The edict came down that we were allowed one day of telecommuting a week. I have an arrangement to work from home 2 days a week for my own personal reasons which so far has not been rescinded, but I am sure it is causing a lot of resentment from others who do not have this arrangement. The fact is… I don’t want to travel into the office 4 days a week. Neither does anyone else. The lack of flexibility with telecommuting is a _huge_ source of complaints at this company. Traveling to and from work is a giant pile of stress and annoyance in this region because There Is. No. Fast. Way. To. Do. It. Traffic is horrific. Public transportation is crowded and slow and increasingly expensive. Imposing the requirement that employees must be in the office means they must devote 2-3 hours of their day traveling. They lose sleep, time with their families and they have to endure stress and frustration to make this trip. All because it supposedly makes communication and collaboration better.

I am not a member of the People Who Matter Club, so my opinion is worth jack, but I going to soapbox it here on this little blog. I’m going to let y’all in on a secret. The benefit of face time in the office for technology workers is overrated. Want to set your company apart and attract a high quality workforce? Let your people telecommute as much as they want. People who are driven to be excellent do not need to be face to face with one another to collaborate or communicate effectively. Good collaboration and communication are personal and individual traits of the employee, not of their physical location. I will point to some of the most successful OSS projects as an example. These projects are developed and managed by people who often never see each other face to face. They often live on different continents. Granted, the class of developer who achieves a role of influence in an popular OSS project is usually a developer of elite caliber, but isn’t that the kind of developer you want? Why pay for all this real estate to house employees who would rather work from home?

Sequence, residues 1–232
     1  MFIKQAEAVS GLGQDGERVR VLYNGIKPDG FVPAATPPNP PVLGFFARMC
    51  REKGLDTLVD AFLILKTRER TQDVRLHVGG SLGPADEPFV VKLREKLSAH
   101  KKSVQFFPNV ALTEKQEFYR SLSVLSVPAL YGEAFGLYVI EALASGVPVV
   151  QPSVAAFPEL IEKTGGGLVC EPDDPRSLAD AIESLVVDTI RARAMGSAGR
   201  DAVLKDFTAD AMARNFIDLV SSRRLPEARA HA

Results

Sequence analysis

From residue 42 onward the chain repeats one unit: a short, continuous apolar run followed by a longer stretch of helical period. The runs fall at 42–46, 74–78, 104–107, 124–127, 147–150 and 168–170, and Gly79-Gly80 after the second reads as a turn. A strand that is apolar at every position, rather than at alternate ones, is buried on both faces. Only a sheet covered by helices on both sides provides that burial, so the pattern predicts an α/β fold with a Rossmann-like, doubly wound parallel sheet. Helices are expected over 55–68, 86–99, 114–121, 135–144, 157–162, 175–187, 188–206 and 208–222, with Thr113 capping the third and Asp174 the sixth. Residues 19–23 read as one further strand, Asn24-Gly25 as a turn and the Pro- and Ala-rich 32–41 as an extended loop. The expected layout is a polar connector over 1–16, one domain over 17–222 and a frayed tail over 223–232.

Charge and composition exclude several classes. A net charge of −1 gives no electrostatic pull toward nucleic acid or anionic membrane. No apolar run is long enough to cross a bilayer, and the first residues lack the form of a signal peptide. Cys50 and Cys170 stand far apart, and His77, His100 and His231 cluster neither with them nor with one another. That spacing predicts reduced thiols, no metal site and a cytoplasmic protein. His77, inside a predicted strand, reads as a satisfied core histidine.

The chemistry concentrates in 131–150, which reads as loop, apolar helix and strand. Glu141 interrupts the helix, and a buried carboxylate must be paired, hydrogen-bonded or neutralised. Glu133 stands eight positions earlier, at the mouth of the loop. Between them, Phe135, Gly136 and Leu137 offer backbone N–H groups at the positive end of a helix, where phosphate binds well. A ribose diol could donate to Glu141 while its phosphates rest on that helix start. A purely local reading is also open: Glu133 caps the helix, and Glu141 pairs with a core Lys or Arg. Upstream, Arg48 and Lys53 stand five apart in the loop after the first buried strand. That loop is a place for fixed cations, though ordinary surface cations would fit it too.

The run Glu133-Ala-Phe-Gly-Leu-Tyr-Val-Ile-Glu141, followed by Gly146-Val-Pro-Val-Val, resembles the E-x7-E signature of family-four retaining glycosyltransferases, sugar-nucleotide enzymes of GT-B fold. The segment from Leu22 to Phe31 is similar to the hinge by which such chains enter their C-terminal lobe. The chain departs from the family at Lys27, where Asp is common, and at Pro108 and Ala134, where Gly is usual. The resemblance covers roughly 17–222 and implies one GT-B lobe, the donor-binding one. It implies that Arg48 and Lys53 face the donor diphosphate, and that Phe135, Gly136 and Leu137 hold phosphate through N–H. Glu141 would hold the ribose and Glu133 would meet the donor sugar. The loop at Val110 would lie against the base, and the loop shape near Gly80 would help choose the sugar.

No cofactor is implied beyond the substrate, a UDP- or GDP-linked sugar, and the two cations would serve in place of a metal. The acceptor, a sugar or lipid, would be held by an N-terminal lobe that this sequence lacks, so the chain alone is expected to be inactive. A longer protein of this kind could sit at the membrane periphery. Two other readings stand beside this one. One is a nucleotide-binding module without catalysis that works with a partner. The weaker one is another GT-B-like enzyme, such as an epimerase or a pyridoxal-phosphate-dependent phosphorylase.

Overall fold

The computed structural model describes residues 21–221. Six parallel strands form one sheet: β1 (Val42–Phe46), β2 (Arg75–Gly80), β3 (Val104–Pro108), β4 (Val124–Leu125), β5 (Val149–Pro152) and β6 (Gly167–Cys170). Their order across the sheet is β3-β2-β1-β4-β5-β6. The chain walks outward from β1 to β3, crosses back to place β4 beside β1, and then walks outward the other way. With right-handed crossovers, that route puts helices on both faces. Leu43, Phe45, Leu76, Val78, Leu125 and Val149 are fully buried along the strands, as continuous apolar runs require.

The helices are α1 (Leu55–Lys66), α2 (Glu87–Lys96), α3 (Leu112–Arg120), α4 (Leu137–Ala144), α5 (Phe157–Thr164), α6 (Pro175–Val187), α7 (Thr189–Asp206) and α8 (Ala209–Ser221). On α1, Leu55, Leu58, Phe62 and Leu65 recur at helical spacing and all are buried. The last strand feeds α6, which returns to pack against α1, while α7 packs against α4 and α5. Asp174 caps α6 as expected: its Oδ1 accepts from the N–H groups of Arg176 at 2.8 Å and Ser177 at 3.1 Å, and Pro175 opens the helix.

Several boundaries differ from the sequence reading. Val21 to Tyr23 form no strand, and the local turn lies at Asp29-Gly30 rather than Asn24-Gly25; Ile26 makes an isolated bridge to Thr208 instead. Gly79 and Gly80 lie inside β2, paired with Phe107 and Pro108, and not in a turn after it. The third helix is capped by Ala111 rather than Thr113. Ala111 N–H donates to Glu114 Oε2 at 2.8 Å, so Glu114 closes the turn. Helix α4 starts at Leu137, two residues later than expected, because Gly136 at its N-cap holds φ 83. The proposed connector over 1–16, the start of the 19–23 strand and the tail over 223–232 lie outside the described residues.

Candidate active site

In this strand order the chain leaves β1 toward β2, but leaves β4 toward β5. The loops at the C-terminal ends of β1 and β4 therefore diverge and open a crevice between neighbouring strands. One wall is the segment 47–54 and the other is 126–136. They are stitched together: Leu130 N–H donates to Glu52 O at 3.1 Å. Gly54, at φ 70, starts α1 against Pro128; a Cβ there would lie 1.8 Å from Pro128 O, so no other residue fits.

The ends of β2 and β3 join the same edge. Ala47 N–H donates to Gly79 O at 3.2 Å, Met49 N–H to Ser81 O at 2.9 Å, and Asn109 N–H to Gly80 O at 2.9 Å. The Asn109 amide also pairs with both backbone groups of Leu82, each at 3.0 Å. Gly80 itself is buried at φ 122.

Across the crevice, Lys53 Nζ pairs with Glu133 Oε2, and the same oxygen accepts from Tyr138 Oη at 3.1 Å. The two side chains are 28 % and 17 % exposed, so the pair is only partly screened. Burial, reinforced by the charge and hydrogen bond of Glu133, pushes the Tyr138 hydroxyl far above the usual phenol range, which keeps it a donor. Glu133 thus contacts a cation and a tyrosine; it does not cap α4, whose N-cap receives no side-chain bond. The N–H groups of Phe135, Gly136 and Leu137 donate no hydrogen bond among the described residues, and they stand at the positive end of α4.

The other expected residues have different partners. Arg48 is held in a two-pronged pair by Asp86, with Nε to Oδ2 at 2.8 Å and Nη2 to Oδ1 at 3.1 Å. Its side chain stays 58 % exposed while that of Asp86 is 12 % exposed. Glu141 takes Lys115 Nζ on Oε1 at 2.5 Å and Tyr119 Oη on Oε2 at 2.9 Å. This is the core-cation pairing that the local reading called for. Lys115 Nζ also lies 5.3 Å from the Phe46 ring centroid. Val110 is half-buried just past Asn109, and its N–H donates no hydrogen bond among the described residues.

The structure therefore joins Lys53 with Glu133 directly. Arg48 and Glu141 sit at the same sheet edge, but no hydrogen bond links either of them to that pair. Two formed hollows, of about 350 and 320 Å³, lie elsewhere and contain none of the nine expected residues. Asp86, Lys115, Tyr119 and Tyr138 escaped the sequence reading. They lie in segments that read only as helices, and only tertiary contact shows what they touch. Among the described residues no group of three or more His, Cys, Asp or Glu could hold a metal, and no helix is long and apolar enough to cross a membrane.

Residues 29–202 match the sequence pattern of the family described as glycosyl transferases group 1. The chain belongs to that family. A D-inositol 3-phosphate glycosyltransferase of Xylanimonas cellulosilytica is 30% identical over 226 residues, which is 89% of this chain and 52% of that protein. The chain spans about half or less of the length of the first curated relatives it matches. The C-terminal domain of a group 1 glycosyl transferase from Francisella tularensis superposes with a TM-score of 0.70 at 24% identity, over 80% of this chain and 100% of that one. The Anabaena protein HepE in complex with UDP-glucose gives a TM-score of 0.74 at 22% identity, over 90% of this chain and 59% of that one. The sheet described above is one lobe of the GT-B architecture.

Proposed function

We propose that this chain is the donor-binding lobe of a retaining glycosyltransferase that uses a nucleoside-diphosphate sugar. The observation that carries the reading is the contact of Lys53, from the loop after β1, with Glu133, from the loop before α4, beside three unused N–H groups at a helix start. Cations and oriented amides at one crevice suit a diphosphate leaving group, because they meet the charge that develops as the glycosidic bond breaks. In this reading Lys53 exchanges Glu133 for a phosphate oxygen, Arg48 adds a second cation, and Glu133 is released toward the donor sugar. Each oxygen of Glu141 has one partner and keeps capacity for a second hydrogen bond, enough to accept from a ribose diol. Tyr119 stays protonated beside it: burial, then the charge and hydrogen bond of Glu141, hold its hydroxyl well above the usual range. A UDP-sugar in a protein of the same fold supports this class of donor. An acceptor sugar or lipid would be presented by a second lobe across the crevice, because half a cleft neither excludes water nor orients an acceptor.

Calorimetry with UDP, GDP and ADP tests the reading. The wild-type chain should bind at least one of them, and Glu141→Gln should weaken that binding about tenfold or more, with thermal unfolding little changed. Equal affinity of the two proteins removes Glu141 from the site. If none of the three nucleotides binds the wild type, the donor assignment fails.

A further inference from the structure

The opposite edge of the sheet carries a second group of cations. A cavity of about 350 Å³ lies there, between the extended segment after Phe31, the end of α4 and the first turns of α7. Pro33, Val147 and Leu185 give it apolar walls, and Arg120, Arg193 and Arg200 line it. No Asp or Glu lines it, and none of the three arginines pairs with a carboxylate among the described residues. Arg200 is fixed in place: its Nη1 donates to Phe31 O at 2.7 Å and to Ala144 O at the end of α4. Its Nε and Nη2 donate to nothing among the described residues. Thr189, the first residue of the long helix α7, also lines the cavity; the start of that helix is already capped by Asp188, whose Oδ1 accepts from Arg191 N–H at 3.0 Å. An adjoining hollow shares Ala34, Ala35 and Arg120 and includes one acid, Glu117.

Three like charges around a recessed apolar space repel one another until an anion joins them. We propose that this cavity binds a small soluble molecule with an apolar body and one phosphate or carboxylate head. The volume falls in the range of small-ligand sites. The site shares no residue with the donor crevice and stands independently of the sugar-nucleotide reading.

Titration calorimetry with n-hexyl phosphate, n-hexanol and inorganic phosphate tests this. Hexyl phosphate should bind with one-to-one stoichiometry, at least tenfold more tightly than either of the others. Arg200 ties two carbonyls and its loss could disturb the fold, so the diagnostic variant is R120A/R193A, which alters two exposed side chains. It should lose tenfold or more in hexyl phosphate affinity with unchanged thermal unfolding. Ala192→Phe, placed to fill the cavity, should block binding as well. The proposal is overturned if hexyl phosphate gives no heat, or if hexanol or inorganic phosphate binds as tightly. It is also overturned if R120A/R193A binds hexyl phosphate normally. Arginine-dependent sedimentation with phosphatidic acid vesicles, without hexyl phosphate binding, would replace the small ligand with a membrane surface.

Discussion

So, members of the People Who Matter Club, to close this roundabout post, I want to get back to the issue of ‘communication’. If your rank and file has been screaming for what they need for two years and you hire someone to come in, chop off some heads and then say Exactly. The. Same. Fucking. Thing. only to be treated like a genius for figuring out what the issues are, you might want to take a look at your address. Because, you’ve just bought one of the most expensive houses in Asshole Town.

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Why Can’t Vacation Last Forever?

I am feeling the post-vacation blues. Not only did I not win the Powerball lottery for the biggest jackpot in American history, I had the unfortunate luck of returning to work in the same week a major release was scheduled to go out. The release was originally scheduled the week before, but it was postponed, leaving me with the unenviable responsibility of being on the conference call for the go-live moment, scheduled conveniently at 11:30 at night. I had volunteered to do the release call while on the vacation, but was told that no one should work on vacation. Frankly, I’d rather do this on vacation because I don’t have to work the next day. I am a cranky jerk when I am sleep-deprived.

The vacation was exciting. We took a long road trip to take the kids to see both sets of grandparents and my sister in Philadelphia. My son keeps asking when we’re going back. I’m sure that being showered with far more presents than any kid actually needs has a lot to do with that. It’s probably also really nice to have a good stretch of time when Mommy isn’t glued to her computer. Guilt? Yeah, I have a lot of that and some to spare. While in TN visiting my parents, we took our kids to a lovely local playground where I managed to get the worst ankle sprain of my life. There is NO logical reason for spraining my ankle where I did. I didn’t step into a hole. The ground was flat and stable. All I did was step off a small platform, a step down of about 8 inches. My ankle just buckled underneath me.